mailto: blog -at- heyrick -dot- eu
Klipad KL6889 tablet - an inside view
I noticed that the Klipad tablet did not have any screws. It appeared to be clipped together. So I guess what happened next was inevitable...
All it took was to have a nice bowl of beans on toast, using a throwaway plastic bowl because it's a weekend and I'm just that lazy. A pair of scissors later, and I had a piece of rigid plastic about an inch wide and and inch and a half long (say 2cm by 4cm). I carefully worked this in between the plastic pieces of the casing, and then just slid it in a circle around the casing. Each of the plastic catches, when encountered, would pop open. That done, it was a simple job to carefully lift the back off of the tablet, and collect the two plastic buttons that fell out.
Upon first glance, we can see that there isn't really much in here. The bulk of the device is the large screen. Stuck to the back of that is the flat battery pack which, as we can clearly see, is 4000mAh - less than half of the capacity that Android seems to think it is. The battery level measurement seems to be accurate enough, so I wonder why it thinks there's a 9000mAh battery attached? At least, that explains why it doesn't have a long lifespan. The full specs are 4000mAh, 14.8Wh, 3.7V.
And on the side here (left in the photo, right in reality), the circuit board. Pretty small, but we must remember that we routinely get more into smaller spaces these days - mobile phones.
To the other side is a small speaker, and a comically naff WiFi antenna. It's a piece of printed cable with the antenna cable soldered to it. It does, honestly, amaze me that such things actually work.
Here is the circuit board:
For a guided tour, the far left is a slot for MicroSD cards. This correlates to the bottom right of the device when in use. The little thing with the black and red wires is an elecret microphone. The big black lump below that appears to be a generic 16GiB NAND flash. It looks like it uses a multiplex 8 bit data bus to transfer address, commands, and memory contents.
Moving to the left, the tiny Rockchip IC is an RK816 which is a power management PMIC for use with LiPo cells, 5V USB supplies, and can work in reverse to provide 5V from the 3.7V cell. This is useful for supporting OTG functions on the USB port. Also included is an RTC.
The big chip is the heart of the device. An RK3126C SoC offering four Cortex-A7 cores, Neon (per core), VFP (per core), 32KiB/32KiB L1 cache (per core), and a shared 256KiB L2 cache. Graphical support is handled by a Mali400 MP2 GPU. Supports DDR3 SDRAM up to 2GiB (max), eMMC, SD, and all the usual sorts of timers and ports.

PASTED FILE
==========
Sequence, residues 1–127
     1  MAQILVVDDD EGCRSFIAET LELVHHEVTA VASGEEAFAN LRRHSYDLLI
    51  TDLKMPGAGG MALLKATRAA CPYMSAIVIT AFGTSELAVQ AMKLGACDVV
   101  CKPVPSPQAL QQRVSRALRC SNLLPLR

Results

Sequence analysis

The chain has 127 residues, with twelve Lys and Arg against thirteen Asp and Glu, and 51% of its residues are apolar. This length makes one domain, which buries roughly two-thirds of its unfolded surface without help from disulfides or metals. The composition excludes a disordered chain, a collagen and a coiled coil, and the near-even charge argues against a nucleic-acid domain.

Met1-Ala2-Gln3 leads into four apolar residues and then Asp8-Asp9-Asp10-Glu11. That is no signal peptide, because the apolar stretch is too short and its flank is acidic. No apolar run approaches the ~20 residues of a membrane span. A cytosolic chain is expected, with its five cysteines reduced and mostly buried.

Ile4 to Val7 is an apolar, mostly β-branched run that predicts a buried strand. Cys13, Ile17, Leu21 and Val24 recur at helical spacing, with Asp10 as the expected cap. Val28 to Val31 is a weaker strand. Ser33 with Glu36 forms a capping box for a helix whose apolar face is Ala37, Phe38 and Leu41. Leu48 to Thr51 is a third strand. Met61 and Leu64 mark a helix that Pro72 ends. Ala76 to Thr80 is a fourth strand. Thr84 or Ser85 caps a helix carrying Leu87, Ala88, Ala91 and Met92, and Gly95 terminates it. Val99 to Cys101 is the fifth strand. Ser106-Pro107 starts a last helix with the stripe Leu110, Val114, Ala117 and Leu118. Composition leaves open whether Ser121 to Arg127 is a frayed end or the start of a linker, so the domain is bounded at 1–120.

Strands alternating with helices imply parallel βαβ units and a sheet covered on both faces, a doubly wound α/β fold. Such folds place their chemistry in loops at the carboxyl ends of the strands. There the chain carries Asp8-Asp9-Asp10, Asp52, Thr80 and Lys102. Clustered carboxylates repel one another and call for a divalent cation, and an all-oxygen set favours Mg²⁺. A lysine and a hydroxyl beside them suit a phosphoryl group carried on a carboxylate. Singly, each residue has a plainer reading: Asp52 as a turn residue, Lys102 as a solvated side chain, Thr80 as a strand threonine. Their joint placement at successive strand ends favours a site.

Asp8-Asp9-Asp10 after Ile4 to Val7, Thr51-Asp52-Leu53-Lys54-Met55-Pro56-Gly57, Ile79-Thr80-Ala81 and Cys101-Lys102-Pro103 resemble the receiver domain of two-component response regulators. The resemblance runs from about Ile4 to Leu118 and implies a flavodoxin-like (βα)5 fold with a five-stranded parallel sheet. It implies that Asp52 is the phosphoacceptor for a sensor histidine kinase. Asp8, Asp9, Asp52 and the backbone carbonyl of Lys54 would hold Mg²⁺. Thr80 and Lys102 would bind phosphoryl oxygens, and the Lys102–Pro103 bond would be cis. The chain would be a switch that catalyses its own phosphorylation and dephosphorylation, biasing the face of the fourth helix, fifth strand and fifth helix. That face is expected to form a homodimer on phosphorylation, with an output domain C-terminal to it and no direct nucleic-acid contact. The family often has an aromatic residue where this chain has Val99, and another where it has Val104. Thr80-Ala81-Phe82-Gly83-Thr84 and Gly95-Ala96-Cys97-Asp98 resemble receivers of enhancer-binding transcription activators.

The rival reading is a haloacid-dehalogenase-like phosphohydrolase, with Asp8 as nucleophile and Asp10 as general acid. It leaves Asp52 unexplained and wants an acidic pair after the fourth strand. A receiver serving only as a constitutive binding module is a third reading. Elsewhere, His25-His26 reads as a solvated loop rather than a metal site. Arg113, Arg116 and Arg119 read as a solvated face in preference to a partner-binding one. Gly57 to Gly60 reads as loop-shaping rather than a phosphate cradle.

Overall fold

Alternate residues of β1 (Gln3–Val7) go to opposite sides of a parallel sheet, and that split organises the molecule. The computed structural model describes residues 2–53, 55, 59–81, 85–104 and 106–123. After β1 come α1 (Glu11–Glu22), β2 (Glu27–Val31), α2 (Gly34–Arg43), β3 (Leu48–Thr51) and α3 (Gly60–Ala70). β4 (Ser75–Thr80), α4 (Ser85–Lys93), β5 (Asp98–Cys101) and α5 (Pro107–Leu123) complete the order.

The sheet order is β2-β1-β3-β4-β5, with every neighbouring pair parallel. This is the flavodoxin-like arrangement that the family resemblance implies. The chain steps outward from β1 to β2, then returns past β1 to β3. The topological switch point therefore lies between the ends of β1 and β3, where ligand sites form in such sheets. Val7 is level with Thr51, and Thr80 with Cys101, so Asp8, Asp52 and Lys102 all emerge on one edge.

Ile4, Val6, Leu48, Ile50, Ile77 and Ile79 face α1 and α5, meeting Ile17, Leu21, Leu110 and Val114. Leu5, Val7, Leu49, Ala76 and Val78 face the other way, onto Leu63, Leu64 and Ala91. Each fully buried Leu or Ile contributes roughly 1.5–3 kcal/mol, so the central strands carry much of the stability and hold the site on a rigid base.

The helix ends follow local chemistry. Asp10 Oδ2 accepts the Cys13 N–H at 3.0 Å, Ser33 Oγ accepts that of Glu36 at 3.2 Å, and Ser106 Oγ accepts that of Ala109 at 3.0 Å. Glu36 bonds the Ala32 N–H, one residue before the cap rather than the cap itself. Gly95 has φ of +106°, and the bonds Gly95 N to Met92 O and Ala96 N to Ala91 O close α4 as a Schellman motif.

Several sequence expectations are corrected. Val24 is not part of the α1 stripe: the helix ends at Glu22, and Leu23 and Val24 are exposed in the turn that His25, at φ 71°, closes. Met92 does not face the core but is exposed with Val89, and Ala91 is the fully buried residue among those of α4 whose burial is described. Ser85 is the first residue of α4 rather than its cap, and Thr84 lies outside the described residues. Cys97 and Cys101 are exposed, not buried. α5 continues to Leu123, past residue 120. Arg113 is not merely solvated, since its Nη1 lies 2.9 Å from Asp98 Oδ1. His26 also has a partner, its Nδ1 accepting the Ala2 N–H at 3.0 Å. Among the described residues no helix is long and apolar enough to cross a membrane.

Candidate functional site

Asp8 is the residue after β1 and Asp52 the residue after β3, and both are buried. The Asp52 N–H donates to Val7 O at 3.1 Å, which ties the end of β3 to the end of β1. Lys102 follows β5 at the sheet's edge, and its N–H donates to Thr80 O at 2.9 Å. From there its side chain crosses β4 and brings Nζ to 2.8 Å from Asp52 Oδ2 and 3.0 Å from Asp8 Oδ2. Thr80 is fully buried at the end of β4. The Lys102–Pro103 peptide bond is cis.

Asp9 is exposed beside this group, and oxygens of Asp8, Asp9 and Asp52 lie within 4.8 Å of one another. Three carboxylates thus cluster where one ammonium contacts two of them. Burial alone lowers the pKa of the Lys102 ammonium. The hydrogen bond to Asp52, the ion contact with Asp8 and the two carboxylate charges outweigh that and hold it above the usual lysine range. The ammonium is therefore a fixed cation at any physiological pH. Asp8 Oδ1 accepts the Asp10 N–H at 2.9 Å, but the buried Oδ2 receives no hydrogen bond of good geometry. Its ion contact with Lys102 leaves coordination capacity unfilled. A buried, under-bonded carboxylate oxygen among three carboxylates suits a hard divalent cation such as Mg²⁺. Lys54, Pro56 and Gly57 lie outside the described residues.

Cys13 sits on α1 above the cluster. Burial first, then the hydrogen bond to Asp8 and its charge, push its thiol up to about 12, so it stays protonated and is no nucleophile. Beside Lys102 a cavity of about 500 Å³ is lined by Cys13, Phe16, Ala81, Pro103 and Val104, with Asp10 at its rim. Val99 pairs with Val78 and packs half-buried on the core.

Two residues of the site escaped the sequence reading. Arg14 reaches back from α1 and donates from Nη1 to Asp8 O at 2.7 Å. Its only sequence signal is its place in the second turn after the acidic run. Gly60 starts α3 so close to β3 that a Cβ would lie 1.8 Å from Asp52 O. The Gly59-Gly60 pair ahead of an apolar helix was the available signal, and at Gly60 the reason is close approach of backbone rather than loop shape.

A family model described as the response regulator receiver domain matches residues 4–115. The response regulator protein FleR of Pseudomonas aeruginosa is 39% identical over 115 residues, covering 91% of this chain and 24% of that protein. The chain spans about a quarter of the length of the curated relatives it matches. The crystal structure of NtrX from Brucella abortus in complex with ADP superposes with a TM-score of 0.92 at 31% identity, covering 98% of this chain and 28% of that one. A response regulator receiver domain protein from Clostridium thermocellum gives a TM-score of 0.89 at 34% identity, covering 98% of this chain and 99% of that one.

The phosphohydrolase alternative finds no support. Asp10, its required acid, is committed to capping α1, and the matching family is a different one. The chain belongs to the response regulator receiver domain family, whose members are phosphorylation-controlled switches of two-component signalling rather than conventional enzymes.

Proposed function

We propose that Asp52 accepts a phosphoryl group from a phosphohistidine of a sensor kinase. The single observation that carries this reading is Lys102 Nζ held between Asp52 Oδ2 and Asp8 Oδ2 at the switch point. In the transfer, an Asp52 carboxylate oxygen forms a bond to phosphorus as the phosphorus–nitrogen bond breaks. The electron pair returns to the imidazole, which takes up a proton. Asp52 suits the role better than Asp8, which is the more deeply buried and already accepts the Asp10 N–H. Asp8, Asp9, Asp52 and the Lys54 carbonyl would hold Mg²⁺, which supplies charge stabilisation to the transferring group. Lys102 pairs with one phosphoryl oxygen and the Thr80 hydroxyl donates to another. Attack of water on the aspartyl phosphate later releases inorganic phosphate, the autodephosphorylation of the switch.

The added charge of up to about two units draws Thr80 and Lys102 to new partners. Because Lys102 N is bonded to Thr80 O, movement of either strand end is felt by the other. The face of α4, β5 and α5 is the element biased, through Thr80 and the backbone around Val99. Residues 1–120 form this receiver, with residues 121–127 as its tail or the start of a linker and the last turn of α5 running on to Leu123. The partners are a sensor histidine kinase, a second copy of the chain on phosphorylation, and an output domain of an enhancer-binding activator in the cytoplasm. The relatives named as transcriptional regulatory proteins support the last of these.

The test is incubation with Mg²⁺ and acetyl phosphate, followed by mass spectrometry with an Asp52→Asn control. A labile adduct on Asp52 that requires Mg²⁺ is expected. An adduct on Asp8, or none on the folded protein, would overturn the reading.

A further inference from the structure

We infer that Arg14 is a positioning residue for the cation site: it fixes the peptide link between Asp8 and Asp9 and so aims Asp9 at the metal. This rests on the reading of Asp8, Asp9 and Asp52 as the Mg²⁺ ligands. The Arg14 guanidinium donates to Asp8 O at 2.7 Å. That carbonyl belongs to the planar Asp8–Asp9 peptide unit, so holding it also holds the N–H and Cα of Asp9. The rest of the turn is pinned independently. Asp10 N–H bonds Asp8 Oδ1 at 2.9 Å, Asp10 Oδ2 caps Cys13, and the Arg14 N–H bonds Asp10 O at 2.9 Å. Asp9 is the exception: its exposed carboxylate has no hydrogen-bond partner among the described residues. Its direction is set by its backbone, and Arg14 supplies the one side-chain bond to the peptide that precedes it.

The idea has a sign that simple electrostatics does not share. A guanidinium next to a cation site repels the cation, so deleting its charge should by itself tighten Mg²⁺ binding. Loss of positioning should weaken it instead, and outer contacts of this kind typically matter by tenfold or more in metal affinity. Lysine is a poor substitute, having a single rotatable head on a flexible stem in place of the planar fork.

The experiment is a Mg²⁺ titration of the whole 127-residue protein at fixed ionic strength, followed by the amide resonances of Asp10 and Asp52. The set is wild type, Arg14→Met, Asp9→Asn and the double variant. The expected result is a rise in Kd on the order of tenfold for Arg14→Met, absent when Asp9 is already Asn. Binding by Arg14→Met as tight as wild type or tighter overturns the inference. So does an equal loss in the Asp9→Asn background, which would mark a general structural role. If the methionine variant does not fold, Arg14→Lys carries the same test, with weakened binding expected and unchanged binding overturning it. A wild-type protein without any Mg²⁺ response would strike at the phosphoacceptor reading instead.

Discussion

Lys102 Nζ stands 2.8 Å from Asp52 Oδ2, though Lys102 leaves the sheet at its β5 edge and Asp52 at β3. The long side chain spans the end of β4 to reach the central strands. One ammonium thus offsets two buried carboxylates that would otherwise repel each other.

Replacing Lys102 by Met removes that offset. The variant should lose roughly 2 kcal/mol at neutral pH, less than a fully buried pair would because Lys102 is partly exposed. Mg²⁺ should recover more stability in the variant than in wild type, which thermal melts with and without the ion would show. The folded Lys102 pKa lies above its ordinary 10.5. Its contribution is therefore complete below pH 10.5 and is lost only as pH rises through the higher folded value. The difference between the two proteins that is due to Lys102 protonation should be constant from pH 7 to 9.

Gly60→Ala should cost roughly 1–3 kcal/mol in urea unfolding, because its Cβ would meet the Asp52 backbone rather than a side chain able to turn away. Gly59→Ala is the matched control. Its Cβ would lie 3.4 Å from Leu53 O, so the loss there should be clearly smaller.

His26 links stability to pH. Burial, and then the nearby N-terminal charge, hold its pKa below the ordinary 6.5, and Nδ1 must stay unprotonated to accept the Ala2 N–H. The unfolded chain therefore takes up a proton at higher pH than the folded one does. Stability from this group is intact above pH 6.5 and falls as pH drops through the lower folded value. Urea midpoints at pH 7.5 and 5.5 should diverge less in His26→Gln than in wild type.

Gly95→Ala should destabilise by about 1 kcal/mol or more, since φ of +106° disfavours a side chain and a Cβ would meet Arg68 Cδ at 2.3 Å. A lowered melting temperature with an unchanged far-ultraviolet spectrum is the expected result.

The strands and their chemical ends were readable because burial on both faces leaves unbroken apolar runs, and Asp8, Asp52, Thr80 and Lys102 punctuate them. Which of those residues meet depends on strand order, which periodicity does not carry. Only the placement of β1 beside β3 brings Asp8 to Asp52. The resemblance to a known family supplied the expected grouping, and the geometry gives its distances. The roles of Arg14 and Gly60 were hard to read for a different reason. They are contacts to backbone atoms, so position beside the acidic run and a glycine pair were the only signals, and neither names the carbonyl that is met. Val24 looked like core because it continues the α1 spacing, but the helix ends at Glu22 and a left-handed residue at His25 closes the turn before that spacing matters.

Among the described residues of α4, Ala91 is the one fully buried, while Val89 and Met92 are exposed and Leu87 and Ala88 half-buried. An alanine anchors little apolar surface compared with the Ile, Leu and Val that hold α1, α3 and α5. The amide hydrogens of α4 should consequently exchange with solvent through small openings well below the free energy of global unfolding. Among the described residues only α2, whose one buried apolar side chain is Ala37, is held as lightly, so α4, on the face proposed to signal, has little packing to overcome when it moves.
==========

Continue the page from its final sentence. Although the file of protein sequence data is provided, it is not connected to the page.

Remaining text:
Beyond that is a 24MHz crystal from which system timing is derived. Above, the standard 3.5mm headphone jack, and to the right, a ribbon cable connection to the two cameras (using IIC?), and beyond that a larger ribbon cable for the display panel.
Working back along the bottom row now, four 2Gbit DDR3 SDRAM devices, giving a total of 1GiB memory. The SoC is capable of 800MHz operation, meaning the memory is theoretically capable of 1600Mb/sec/pin (though it doesn't feel like it!) as the device is capable of clocking data on each clock transition.
The tiny device to the left of the memory is a switched capacitor voltage converter, that basically takes an input voltage (in the range of 1.5 to 10V) and creates a negative form of it (-1.5 to -10V). As an aside, you will notice markings on the board that seem like a boundary around the major components. Quite possibly the outline of where a metal RF shield would be fitted, if this was a better quality device.
The ribbon cable here is to the touch sensor system, and to that end a GSL3680 capacitive touchscreen controller is present. It appears to communicate via IIC (with an interrupt pin), and has sixteen X outputs and eighteen Y inputs. It may be capable of tracking up to ten individual inputs at the same time. Beyond that I cannot say, the datasheet is written in Chinese.
There is one further device underneath the ribbon cable. Perhaps some sort of display driver chip or backlight control? I didn't want to mess with the fragile looking ribbon cable to work out that that device was, neither did I dismount the board to look at the other side. This tablet works, and I'd like to keep it that way thanks. ☺
Please note that while I check this page every so often, I am not able to control what users write; therefore I disclaim all liability for unpleasant and/or infringing and/or defamatory material. Undesired content will be removed as soon as it is noticed. By leaving a comment, you agree not to post material that is illegal or in bad taste, and you should be aware that the time and your IP address are both recorded, should it be necessary to find out who you are. Oh, and don't bother trying to inline HTML. I'm not that stupid! ☺ ADDING COMMENTS DOES NOT WORK IF READING TRANSLATED VERSIONS.
You can now follow comment additions with the comment RSS feed. This is distinct from the b.log RSS feed, so you can subscribe to one or both as you wish.
|David Pilling, 12th June 2019, 03:08|
Hmm a "prying tool", spudger, or proprietary isesamo. I should drop it, but what are the chances of the writing on that battery being true. All amazing and all close to magic if you don't know how it works.
|Rick, 14th June 2019, 18:31|
"All amazing and all close to magic if you don't know how it works."
Once upon a time, they said that about steam engines.
(Felicity? Marte? Find out!)
List all b.log entries
Return to the site index
PS: Don't try to be clever.
It's a simple substring match.
Last read at 23:21 on 2020/11/23.
© 2019 Rick Murray
This web page is licenced for your personal, private, non-commercial use only. No automated processing by advertising systems is permitted.
RIPA notice: No consent is given for interception of page transmission.